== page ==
Ashley Carder Photos | Digital Traditions

Ashley Carder grew up in a home surrounded by music. His mother Shirley is a talented country singer and guitar player who performed often on regional radio in the 1960s and -70s. Carder’s extended family was deeply rooted in traditional old-time music. His great uncle Tom and his brothers hosted a Barn Dance on their West Virginia farm for many years. Ashley’s great-grandfather Albert was a multi-instrumentalist who played fiddle, banjo, and guitar.

While Carder first learned guitar and then banjo, his home also had two fiddles – one belonging to Albert and one belonging to Carder’s father. Carder began to study traditional fiddle tunes in earnest around 1980. He always sought to learn new tunes from other fiddle players in a “live” environment. One of his first mentors was fiddler Bo Norris of Ward. Norris’ repertoire included popular fiddle tunes dating back to the 1920s. Carder went on to learn from fiddling legend Homer “Pappy” Sherrill, considered by many to be one of South Carolina’s most talented traditional fiddlers. This started a friendship that would last for years.

In addition to fiddle tunes, Sherrill taught Carder a variety of “trick fiddle” techniques, including how to loosen the bow hair from the bow to make the fiddle sound like a pipe organ. Several of the tunes he learned from Sherrill are favorites that he still plays today – standards like “Dreamy Georgiana Moon” and “Orange Blossom Special.” Carder’s other major influence was the late Vernon Riddle, a fiddler from Spartanburg. Riddle was known for his “long-bow” fiddling style, a technique he learned from Texas fiddler Eck Robertson – one of the first fiddlers to be commercially recorded in the 1920s.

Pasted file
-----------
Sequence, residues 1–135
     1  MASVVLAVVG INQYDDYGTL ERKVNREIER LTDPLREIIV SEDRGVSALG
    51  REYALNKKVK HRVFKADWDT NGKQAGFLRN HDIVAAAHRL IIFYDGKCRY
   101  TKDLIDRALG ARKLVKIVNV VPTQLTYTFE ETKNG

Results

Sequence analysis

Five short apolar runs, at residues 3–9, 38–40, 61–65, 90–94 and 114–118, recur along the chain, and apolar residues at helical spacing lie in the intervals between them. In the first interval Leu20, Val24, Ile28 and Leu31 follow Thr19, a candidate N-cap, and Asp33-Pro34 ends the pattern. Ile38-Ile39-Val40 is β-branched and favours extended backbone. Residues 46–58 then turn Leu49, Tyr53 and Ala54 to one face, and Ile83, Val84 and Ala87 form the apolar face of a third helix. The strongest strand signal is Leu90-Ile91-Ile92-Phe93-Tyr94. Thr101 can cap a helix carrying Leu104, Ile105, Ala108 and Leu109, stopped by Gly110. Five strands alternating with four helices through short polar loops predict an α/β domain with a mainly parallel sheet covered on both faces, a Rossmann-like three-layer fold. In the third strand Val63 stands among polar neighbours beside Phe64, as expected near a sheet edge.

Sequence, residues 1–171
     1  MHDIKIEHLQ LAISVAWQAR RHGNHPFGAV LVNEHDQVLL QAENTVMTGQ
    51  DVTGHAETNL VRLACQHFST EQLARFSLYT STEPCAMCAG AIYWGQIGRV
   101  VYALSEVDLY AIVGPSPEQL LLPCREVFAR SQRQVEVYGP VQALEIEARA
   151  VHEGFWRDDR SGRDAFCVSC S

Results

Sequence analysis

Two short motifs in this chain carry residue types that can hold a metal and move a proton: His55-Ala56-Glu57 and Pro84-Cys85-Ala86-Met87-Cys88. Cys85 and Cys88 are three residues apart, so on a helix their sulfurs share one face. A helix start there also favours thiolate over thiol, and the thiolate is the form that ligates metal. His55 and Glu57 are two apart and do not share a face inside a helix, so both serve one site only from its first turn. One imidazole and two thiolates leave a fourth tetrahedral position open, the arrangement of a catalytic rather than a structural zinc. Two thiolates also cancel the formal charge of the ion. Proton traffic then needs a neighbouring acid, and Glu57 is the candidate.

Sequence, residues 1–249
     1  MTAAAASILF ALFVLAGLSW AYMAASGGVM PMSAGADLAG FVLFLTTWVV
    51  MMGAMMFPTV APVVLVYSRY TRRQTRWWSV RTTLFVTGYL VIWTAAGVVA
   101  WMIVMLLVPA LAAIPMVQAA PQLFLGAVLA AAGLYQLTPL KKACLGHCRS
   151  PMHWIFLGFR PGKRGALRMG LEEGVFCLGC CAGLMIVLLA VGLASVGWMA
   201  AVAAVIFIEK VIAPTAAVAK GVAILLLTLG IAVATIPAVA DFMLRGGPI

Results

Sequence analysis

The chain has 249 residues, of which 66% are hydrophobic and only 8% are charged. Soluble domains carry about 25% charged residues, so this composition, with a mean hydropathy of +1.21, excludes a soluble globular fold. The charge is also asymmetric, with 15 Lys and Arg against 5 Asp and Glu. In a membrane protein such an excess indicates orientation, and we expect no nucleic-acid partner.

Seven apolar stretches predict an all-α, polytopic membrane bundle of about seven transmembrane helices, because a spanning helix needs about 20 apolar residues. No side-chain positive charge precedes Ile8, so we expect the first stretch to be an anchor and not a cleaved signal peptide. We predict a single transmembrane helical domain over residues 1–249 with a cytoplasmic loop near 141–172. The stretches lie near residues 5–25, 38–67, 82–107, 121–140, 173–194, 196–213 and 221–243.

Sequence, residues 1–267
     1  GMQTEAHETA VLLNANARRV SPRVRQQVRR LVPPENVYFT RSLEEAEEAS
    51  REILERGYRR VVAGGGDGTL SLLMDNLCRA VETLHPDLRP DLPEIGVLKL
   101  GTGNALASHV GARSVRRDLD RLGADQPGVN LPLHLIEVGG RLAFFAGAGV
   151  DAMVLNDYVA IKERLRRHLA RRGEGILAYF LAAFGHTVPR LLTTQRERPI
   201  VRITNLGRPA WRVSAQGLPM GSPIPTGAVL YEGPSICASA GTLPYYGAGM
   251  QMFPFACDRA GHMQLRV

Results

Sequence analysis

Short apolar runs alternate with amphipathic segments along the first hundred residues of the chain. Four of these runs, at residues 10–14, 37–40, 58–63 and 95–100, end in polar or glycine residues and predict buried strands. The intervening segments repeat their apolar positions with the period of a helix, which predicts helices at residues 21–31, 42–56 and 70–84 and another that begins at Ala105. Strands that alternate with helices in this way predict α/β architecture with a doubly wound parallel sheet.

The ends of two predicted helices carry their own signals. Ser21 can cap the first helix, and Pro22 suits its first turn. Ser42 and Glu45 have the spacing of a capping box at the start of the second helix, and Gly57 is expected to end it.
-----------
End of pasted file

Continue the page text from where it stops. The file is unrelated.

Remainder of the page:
Through these mentors, Carder has direct links to some of the earliest and most influential fiddle players. Carder has worked closely with a non-profit organization called The Field Recorders Collective, through which he produced a collection of Vernon Riddle fiddle tunes from field recordings made during the 1960s to the -90s. Carder attends bluegrass and old time festivals throughout the Southeast and has performed at the Galax, Virginia Old Time Fiddlers Convention and conventions in North Carolina, South Carolina, and West Virginia.

Carder enjoys working with and influencing young fiddlers and other aspiring musicians. He makes ardent efforts to document himself and other musicians whenever he can, sharing the video material so others can learn. He continues to play with several bands throughout the state, including Bill Wells and the Blue Ridge Mountain Grass, High Lonesome, and the Carolina Rebels. Carder received the Jean Laney Harris Folk Heritage Award in 2012.